5 Hiring Advantages of Start-ups & Small Businesses

The competition for talent in 2019 is fierce for everyone, for start-ups, small businesses and global brands alike and it will be more competitive in the future especially for tech. Employer branding and recruitment marketing is crucial for attracting talent, especially among unknown brands.  Shift your mind-set when you hire, like when you came up with the brilliant idea for your business! Hire with the same thoughtfulness, creativity and problem-solving attitude like when you were creating the building blocks of your business. Start-ups and small businesses have some advantages over the big guys. I’ve worked for 2 start-ups in my career, a few global organisations and had small business clients; these are some of the advantages us little guys have:

Less red tape and politics means faster decision execution

Timeliness and accurate decision-making is important when it comes to hiring. Have a process, be prepared, and know what you need.  If you don’t have time to go through the whole process, break it down among your team or engage a service like *Recruitloop (time saving and they can help you with any part of the process, charging by the hour, not percentage of the salary package). Do prepare before going to market. Big businesses, have approval and hiring processes that are drawn out with layers of approvals and validation. I had a client in my portfolio with a three month minimum recruitment cycle. For some industries, this is the norm. Don’t make it your norm. Take advantage of your size and agility.

Room for creativity

You the owner/founder have creative space to decide on the position description, the benefits and outcomes required for the new position. With the exception of statutory requirements and budgetary constraints, it’s pretty much up to you to market the position to benefit someone’s career and get the best return on investment.  How you structure the remuneration and benefits package, what learning opportunities there are in the role, what the position entails (be carefully creative with this, I’ve seen some weird ones that actually limit chances of attracting talent). Engage with a consultant to clarify your employment brand and value proposition if you don’t have time, but make sure you put some time into this. There are some really good resources out there for hiring talent; one is **Lou Adler’s site for performance based hiring, more targeted at recruiters, but there are some good free resources on the site too.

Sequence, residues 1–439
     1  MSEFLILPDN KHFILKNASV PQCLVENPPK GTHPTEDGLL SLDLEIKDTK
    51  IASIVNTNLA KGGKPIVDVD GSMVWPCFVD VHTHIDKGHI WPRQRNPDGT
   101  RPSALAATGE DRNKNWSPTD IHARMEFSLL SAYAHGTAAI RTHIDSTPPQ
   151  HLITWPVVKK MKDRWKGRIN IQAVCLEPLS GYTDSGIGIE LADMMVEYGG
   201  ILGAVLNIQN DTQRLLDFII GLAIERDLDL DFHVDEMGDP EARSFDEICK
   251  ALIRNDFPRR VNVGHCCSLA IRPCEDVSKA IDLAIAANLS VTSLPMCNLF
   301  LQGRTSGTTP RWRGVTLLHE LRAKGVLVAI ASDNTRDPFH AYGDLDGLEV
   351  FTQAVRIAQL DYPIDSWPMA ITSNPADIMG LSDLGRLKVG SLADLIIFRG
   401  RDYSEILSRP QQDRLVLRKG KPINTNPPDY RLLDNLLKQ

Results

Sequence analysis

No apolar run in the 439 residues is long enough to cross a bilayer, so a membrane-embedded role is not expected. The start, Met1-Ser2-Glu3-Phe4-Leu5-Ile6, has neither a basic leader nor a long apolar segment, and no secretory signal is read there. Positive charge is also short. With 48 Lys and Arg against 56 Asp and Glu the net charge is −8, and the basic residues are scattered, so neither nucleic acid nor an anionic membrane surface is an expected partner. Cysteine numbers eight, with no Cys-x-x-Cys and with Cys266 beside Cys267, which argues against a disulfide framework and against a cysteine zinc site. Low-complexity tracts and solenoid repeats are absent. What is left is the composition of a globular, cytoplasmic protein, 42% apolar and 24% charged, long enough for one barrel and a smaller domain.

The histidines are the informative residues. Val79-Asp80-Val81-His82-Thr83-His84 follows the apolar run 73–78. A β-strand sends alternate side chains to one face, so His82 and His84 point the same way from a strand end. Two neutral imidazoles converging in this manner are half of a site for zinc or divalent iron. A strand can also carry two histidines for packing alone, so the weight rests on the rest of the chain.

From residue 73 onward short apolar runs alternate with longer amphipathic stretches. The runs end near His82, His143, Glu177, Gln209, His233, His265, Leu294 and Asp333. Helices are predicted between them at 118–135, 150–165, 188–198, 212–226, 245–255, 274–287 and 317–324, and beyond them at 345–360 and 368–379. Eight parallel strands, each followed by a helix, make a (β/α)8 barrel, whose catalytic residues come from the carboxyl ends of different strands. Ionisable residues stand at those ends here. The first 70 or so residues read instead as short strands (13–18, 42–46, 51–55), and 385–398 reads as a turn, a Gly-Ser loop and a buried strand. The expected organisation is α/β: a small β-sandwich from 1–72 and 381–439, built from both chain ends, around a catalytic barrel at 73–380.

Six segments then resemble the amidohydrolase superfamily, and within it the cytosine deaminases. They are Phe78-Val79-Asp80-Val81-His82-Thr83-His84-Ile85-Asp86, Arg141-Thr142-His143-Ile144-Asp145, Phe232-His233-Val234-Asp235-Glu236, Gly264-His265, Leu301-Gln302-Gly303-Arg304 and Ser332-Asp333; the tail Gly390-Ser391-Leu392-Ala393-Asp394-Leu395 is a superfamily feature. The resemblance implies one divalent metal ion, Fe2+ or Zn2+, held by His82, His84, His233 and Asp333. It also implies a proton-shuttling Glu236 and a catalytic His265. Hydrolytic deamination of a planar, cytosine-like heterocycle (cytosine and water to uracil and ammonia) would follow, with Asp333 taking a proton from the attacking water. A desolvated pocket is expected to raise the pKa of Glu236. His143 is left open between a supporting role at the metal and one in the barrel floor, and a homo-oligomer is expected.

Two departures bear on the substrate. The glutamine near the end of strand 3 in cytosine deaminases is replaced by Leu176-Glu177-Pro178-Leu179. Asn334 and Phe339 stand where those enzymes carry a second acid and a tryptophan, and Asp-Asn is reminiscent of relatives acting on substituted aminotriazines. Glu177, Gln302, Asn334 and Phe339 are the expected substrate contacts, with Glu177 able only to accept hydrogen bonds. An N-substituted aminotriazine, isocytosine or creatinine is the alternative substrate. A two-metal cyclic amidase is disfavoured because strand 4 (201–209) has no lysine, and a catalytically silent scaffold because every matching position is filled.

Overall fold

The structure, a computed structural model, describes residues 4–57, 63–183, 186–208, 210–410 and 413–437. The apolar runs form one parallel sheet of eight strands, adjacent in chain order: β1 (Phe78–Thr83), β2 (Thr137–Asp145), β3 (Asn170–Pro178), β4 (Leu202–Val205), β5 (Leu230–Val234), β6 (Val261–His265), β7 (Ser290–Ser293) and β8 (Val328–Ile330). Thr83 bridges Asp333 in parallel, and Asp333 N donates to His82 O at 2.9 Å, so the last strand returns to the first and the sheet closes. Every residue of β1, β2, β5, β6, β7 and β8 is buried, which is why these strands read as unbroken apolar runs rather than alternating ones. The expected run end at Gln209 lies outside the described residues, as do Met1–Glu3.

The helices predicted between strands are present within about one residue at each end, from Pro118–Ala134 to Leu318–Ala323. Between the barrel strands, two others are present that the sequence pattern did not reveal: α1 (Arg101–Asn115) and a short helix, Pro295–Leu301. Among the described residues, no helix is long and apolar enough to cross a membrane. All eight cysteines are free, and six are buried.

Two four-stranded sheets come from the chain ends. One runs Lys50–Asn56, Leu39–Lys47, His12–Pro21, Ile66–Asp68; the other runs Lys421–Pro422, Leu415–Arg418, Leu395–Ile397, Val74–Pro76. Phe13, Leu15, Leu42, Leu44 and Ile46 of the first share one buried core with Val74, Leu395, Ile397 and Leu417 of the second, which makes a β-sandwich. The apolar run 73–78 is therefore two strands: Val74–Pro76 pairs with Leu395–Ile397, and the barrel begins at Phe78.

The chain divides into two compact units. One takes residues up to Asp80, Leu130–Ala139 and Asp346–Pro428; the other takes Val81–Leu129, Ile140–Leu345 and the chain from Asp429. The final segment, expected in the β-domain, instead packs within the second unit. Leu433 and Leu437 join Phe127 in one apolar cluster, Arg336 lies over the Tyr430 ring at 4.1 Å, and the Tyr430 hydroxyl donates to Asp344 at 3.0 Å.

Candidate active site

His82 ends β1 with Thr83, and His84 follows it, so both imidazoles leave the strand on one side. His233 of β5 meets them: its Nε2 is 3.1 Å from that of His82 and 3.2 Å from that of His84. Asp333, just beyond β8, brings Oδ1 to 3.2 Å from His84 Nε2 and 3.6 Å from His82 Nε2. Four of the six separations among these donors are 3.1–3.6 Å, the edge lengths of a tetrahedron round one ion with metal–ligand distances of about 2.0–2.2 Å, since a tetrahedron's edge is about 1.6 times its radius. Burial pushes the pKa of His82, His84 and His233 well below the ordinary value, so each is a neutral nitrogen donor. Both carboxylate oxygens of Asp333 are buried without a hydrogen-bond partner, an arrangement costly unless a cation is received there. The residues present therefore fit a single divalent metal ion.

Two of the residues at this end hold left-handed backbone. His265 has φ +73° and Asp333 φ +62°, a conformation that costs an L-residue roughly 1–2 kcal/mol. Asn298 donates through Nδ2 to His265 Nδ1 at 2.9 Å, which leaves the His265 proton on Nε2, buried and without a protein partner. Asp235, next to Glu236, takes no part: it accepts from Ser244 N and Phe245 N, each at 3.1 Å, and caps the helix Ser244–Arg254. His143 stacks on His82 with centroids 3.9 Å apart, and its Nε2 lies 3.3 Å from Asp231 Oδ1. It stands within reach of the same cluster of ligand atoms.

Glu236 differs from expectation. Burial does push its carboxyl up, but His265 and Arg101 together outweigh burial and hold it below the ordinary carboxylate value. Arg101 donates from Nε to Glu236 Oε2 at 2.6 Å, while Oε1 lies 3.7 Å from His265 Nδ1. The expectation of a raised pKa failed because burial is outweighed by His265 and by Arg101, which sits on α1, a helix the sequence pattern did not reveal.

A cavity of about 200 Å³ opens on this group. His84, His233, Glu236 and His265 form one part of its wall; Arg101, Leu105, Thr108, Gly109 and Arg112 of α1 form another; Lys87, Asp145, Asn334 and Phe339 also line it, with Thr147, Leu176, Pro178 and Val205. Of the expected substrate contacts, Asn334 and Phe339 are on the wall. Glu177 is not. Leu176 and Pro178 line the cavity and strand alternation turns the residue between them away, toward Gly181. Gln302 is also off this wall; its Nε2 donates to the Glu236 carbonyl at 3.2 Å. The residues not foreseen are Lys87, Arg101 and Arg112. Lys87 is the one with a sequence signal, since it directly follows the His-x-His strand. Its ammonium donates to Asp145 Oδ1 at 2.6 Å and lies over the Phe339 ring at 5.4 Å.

Career opportunities

Key support roles when you are building an organization are opportunities to build your leadership pipeline.  With the right story, you can attract talent overlooked by the big organisations. There are many juniors and grads out there that don’t fit or follow the mainstream template of the perfect candidate, but they hold attributes that make great future leader, innovator or trainer. Choose the free thinkers with agile minds that are adaptable for your environment and have the resourcefulness to work with what you’ve got. Inexperience isn’t a bad thing. It brings fresh thinking and ideas that experience can confine. Hire right, give someone the opportunity to establish a career and they could be part of your leadership team or fly the coop and come back later to take the lead.

Paid internships are another way to identify undergrads and non-university institutions for your talent pipeline. Getting involved in experience programs with universities is another way to identify your future workforce as well as give students much needed experience for their future.

Alternative talent engagements

Freelancers are a great way to fill skills gap in the organization for short-term projects until you can afford a full time person for a specific need in the organization. Like hiring decisions, there is often red tape and processes to go through for larger organisations, whereas smaller businesses can access experts quickly and on demand.

Industry veterans want to share their expertise with you

Just as people early in their career often see big brands as career opportunities. On the flip side, those with more experience and an entrepreneurial streak, bored with big business bureaucracy could see start-ups as an opportunity to share their experience to make an impact faster. Sell your story and your vision with authenticity. Those with the same values and urge to solve the same problems will be curious. Reach out to people with the experience alignment to your organisation’s goals.

Being the small player or unknown brand isn’t such a bad thing. Some people thrive in the fast-paced, intimate team environment of a start-up. They’re the talent that large organisations miss. Being a yet to be known brand with a compelling story is an opportunity to give people an impactful career journey.

** https://louadlergroup.com/

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